Why you should never work for free for a client – and how to set your boundaries
It’s never easy firing a business client. But find out why having to do just this helped one small business learn how to set their boundaries when negotiating with future clients.
I set up Marketing for Mums just over a year ago, and in that time I took a very difficult decision of ending a relationship with a client. “Are you mad,” I hear you ask? That was certainly how I felt at the time.
The decision was preceded by months of heartache and many self-sabotaging thoughts questioning my ability and values.
However, at this point of reflection, I have learnt that trusting my gut and not devaluing myself has meant this was absolutely the right decision to make. Not just for my personal self-worth but also for that of my business.
I worked virtually for free for several months
I had, for a number of months, worked almost for free for this client in order to get some experience, keep busy, learn and build my confidence while I set up my business properly. The work did all of those things which I will be eternally grateful for.
However, the sticking point came when I needed to work with multiple clients, and I asked to put in place a proper contract, agreed hours of work and charge market rates that I know were appropriate for the value offered.
Unfortunately, this client was unable to do that, and I was heartbroken. I had invested hours of my time and they were, in my head, my dream client and a huge part of my planned future. Alas, it wasn’t to be, so I chose to walk away.
How to set your boundaries when negotiating with clients
So what did I learn from that? I learnt working for free or at highly discounted rates is fraught with danger. Rather than gaining a grateful client who loves what you do and will reward you later, you risk working for someone who undervalues your offering and is unwilling to ever stump up money for it.
If you do decide to offer your services for free or cheap to a client, I recommend minimising the risk by setting these five boundaries when negotiating.
1) Set a timeline
Make very clear upfront how long you are prepared to do this for. Keep this time short; you can always review and increase this if it is mutually beneficial.
2) Set clear, realistic deliverables
Agree what you will deliver – and be clear with yourself about how much time and energy you can afford to devote to this client or project.
Remember that you will still need time to find and deliver work to other clients at your full rate in order to grow your business (and survive). Don’t compromise on this time.
3) Let them know your rates and contract terms upfront
Be clear what your rates are, so they know and can plan for working with you formally in the future. When you invoice them (even if you’re working for free, it’s good to get into the practice of invoicing clients), list the real value of your work at your full rate, then show them their discount.
4) Set your rates and stick to them
Before you decide to work for free, or at a reduced rate, remember both you and your client are have a choice. You don’t need to work for them, and they don’t have to work with you – there are plenty of other businesses or freelancers they can use.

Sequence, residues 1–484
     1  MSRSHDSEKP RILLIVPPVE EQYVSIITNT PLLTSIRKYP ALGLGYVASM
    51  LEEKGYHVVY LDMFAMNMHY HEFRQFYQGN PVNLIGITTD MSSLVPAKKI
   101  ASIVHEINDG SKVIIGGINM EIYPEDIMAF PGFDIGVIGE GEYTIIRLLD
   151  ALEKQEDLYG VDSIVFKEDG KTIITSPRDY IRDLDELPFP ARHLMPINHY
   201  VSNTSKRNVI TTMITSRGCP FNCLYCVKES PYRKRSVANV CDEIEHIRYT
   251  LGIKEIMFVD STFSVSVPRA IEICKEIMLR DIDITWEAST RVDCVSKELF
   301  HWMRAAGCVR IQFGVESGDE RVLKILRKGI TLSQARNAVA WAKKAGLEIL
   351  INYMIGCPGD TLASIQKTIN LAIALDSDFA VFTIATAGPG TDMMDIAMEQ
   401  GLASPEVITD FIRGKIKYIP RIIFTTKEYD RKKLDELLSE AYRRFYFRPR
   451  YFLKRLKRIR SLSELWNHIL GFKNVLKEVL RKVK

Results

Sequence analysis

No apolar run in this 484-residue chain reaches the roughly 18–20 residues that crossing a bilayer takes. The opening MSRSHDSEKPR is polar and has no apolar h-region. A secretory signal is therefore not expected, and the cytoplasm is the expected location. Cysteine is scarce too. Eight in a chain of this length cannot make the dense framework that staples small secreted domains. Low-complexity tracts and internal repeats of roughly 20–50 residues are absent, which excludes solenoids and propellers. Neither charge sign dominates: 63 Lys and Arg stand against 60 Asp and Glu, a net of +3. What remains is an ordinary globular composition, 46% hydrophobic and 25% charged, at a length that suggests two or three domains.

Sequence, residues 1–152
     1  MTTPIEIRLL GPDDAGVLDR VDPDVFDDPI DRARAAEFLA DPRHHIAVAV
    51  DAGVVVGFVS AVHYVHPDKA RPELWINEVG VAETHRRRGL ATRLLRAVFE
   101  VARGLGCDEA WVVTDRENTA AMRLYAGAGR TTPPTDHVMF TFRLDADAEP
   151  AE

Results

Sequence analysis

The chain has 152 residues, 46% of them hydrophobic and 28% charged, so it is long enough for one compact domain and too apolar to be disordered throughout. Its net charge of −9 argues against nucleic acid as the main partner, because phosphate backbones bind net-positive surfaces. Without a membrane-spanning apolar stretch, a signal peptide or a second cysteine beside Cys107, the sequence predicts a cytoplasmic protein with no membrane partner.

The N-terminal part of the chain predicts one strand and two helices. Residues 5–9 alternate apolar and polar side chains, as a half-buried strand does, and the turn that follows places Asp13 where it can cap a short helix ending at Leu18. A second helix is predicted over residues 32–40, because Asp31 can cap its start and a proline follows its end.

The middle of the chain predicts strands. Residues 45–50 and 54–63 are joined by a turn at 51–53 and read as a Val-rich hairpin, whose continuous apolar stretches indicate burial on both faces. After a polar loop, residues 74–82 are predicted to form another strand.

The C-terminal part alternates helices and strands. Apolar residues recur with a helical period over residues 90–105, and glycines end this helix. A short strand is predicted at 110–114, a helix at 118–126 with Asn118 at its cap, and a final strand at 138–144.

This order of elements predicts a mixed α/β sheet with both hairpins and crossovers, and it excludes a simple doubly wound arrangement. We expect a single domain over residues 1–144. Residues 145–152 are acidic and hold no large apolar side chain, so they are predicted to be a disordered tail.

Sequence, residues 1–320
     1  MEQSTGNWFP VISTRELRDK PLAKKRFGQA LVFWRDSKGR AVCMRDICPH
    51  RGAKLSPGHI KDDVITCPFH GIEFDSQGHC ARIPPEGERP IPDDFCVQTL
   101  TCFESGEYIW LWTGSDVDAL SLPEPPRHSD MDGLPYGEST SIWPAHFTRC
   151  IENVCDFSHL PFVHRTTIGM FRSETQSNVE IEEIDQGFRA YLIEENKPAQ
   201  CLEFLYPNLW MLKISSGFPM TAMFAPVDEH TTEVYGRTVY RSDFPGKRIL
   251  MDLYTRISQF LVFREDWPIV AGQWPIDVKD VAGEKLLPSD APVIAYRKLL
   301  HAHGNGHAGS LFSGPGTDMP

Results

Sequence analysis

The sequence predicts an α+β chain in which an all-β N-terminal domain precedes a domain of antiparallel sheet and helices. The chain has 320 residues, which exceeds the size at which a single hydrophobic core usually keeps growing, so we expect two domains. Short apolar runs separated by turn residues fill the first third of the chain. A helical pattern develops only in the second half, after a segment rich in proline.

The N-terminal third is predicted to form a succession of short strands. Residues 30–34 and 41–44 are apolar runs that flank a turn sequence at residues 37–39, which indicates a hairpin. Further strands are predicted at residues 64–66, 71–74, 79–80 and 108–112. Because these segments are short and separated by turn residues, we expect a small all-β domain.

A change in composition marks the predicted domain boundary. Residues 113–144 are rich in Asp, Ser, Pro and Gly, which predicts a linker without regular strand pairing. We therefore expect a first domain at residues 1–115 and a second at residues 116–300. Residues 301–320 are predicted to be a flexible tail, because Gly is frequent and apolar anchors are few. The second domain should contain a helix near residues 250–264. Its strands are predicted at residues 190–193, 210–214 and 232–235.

So don’t feel compelled to work to terms or rates the client dictates. If you have done your pricing research and feel comfortable that your fees are appropriate for what you offer, stick to them. If you cut them you will be investing time with a low paying client. And this could be at the expense of another who would be willing and able to pay your full rates.
I also think there is a very important psychological point here too. You are worth your rates, and deserve to be paid them, so hold your head high and keep the faith.
And finally, there is a danger that your client will devalue the work you deliver if you undercharge for it. It’s also very difficult to increase your prices once your working relationship has been established.
5) Set out your agreement in writing in a contract
Set your agreement out in writing in the form of a contract. This way, expectations will be very clear, and you can always refer back to the contract if there’s any deviation or disagreement later on.
Clarity of contract can help remove emotion from discussions about your future together, which should ultimately be about making a sensible business decision for both of you.
I found a new client who valued (and paid!) me
Making the choice to walk away from a client was a hard one for me. I naturally invest passion and energy in what I do and, as a new business, I was terrified I wouldn’t find another client to replace them.
But do you know what? The most amazing thing happened. Within literally a few weeks I had secured another client. This client is a genuine partner who I love working with, values my support and I will hopefully continue to work with them for years to come.
So my advice is to face the fear; if for whatever reason it doesn’t make business sense, or even for your own feeling of self-worth, to continue working with a client then walk away. This is about you taking back control, focusing on the value of you and paving the way for a much happier future. Good luck!
Read more tips on charging your worth
Love more freelance and small business money tips? We recommend you read these articles:
- How to raise your freelance rates – the complete guide
- Are you afraid to charge what you’re worth?
- How to put off clients with small budgets (and why you should)
- Watch our webinar – how to earn the money you deserve
Jocasta Tribe is the founder of Marketing for Mums.
Photo by AO